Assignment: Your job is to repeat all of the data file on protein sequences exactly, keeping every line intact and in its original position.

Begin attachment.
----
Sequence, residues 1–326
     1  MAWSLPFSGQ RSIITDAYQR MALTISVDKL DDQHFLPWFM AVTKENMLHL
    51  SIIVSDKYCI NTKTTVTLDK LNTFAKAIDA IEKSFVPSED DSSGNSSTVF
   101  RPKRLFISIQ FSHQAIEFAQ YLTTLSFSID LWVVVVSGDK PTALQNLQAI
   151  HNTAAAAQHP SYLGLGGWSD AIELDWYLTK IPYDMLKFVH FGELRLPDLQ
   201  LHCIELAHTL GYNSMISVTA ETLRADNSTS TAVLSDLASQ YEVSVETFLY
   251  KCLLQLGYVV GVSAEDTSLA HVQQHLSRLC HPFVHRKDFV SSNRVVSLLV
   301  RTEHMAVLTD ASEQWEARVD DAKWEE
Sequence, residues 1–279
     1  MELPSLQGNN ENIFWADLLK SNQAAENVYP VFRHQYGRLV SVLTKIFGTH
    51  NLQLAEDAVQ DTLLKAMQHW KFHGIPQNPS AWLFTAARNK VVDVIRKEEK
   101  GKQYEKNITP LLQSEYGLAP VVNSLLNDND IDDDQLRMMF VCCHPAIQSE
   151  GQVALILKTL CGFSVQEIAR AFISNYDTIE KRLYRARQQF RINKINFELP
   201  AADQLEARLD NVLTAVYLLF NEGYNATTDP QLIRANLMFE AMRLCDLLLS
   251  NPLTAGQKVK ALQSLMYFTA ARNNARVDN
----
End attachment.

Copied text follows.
Sequence, residues 1–326
     1  MAWSLPFSGQ RSIITDAYQR MALTISVDKL DDQHFLPWFM AVTKENMLHL
    51  SIIVSDKYCI NTKTTVTLDK LNTFAKAIDA IEKSFVPSED DSSGNSSTVF
   101  RPKRLFISIQ FSHQAIEFAQ YLTTLSFSID LWVVVVSGDK PTALQNLQAI
   151  HNTAAAAQHP SYLGLGGWSD AIELDWYLTK IPYDMLKFVH FGELRLPDLQ
   201  LHCIELAHTL GYNSMISVTA ETLRADNSTS TAVLSDLASQ YEVSVETFLY
   251  KCLLQLGYVV GVSAEDTSLA HVQQHLSRLC HPFVHRKDFV SSNRVVSLLV
   301  RTEHMAVLTD ASEQWEARVD DAKWEE
Sequence, residues 1–279
     1  MELPSLQGNN ENIFWADLLK SNQAAENVYP VFRHQYGRLV SVLTKIFGTH
    51  NLQLAEDAVQ DTLLKAMQHW KFHGIPQNPS AWLFTAARNK VVDVIRKEEK
   101  GKQYEKNITP LLQSEYGLAP VVNSLLNDND IDDDQLRMMF VCCHPAIQSE
   151  GQVALILKTL CGFSVQEIAR AFISNYDTIE KRLYRARQQF RINKINFELP
   201  AADQLEARLD NVLTAVYLLF NEGYNATTDP QLIRANLMFE AMRLCDLLLS
   251  NPLTAGQKVK ALQSLMYFTA ARNNARVDN